I too hesitate to enter this debate but feel compelled to present a case
from the point of view of a 'user' [rather than simply a receiver] of such
>From reading the various responses to Alan Morris' original posting I have
concluded that there are two basic groups of birders
- those who view birding purely as a recreational activity, and who are
content with their own judgement of the validity of their identification
- those who also recognise and value the potential contribution that their
recreational birding can make to our understanding of the ecological
requirements and conservation status of species.
Those in the first category understandably find the documentation required
by rarities committees, bird report compilers or State database managers to
be an unjustified chore, and are not inclined to contribute. Those in the
second usually acknowledge the need for a level of scrutiny of their
identification decisions if they are to be used as evidence in landuse
decisions etc. Thus, they are more prepared to go to some trouble to ensure
that their information can be put to best use.
This need is neatly captured by the current issue of the proposal to use
ironbark trees from Goonoo State Forest to produce charcoal, and the claims
that this will adversely affect various species eg Regent Honeyeater.
During the debate about this proposal somebody, probably from the State
Govt wildlife agency, will have to provide senior bureaucrats or Ministers
with an assessment of the validity of the claim that Regent Honeyeaters
will be adversely affected. Part of this will involve assessing whether or
not there are reliable records of Regent Honeyeaters from the area. If a
record has already been documented in some detail, and assessed by a
reputable body such as BARC or the NSW Field Ornithologists Club, or
accepted into the BA Atlas, then it immediately carries more weight than if
it is just a second hand unpublished report that 'Joe Bloggs claims to have
seen one '. You would be amazed at the number of reports of 'Regent
Honeyeaters' that turn out to be New Hollands.
Therefore, I submit that the Alan Morris's of this world, and the observers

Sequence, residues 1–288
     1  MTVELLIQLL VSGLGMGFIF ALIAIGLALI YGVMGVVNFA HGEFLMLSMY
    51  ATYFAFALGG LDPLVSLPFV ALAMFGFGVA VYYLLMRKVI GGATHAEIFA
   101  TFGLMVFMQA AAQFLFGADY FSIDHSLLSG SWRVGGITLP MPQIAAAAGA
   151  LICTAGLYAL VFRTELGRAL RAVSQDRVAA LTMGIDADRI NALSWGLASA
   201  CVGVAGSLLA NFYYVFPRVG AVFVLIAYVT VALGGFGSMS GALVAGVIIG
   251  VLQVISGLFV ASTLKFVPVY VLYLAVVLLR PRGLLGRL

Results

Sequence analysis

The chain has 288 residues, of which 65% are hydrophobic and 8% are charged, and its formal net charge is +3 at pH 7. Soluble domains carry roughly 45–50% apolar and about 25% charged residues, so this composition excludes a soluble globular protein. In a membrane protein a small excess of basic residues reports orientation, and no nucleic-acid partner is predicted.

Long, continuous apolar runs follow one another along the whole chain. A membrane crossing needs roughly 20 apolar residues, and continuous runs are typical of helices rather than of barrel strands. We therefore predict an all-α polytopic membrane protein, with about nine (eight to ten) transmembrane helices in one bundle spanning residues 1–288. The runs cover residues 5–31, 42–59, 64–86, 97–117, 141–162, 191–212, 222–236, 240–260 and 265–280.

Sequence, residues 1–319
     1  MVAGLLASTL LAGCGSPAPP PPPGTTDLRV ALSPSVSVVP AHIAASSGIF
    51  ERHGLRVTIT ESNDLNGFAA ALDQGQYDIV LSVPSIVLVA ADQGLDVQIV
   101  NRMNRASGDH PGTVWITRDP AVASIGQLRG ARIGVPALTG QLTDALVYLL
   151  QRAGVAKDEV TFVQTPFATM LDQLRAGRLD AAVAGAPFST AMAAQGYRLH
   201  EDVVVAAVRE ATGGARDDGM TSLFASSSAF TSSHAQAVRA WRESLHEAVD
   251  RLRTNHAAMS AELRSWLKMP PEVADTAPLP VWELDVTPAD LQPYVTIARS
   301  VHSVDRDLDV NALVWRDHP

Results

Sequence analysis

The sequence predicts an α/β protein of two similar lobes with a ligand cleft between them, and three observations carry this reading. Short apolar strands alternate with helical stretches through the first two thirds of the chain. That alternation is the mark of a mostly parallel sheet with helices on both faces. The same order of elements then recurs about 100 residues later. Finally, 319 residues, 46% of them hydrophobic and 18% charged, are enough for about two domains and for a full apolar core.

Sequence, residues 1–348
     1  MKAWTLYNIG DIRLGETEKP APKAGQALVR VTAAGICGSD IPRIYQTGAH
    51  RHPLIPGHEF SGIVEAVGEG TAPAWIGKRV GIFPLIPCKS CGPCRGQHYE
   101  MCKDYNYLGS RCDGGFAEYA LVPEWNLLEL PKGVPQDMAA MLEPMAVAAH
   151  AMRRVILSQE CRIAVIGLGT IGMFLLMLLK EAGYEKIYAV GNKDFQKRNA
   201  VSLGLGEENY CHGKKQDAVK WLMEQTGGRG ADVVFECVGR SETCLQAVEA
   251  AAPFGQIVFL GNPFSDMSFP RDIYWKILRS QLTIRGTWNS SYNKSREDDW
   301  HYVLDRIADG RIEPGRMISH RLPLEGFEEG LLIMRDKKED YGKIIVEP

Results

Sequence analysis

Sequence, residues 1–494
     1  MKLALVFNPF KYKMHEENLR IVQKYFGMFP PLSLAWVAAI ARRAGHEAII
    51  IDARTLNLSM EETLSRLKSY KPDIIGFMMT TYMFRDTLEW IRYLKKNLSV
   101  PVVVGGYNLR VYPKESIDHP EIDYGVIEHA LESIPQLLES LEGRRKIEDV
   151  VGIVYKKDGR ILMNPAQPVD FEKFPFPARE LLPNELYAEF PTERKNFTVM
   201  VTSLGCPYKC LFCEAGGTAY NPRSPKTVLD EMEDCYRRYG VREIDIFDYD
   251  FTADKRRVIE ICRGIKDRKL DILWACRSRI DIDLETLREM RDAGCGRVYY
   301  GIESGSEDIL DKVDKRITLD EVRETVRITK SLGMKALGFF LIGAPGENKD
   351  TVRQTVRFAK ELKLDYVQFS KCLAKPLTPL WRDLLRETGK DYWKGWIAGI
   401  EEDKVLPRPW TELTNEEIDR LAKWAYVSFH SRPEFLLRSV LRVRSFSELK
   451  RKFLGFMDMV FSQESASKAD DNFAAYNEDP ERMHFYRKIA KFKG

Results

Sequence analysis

who go to the trouble of carefully documenting their interesting sightings,
make a very significant contribution to the efforts to conserve our fauna.
I for one would be far less effective in my role without their efforts.
Regarding the value of documenting sightings of 'vagrants', let me simply
say that it is impossible to know whether a species is a vagrant or not
without a long series of documented records. In ornithology, vagrant means
occurring rarely and irregularly, ie without a pattern. The only way to
gain an understanding of patterns of occurrence is to document all records.
You may ask who cares whether Bulwers Petrels are vagrants or regular
visitors in very small numbers? One answer is that State and Federal
wildlife laws care. If a species can be shown to be a regular visitor to
Aust or its waters then it is treated legally as part of the Aust fauna,
and regulations and $ can then be brought to bear to help conserve it eg
International Agreements, regulations limiting long-line fishing,
threatened species recovery efforts etc.
Therefore, I suggest that if you really care about the future of our fauna
you should try to ensure that your important sightings are recorded for
posterity in an authoritative publication or database. [and with the utmost
respect for the excellent Birding-Aus archive, I don't include an email
chat line in that category because the long-term security of the archive is
probably doubtful]. Unfortunately, for species which are difficult to
identify in the field, this can involve a bit of work, and sometimes pain,
if the 'experts' feel you haven't quite clinched the identification.
Flora and Fauna Program
Dept of Natural Resources and Environment
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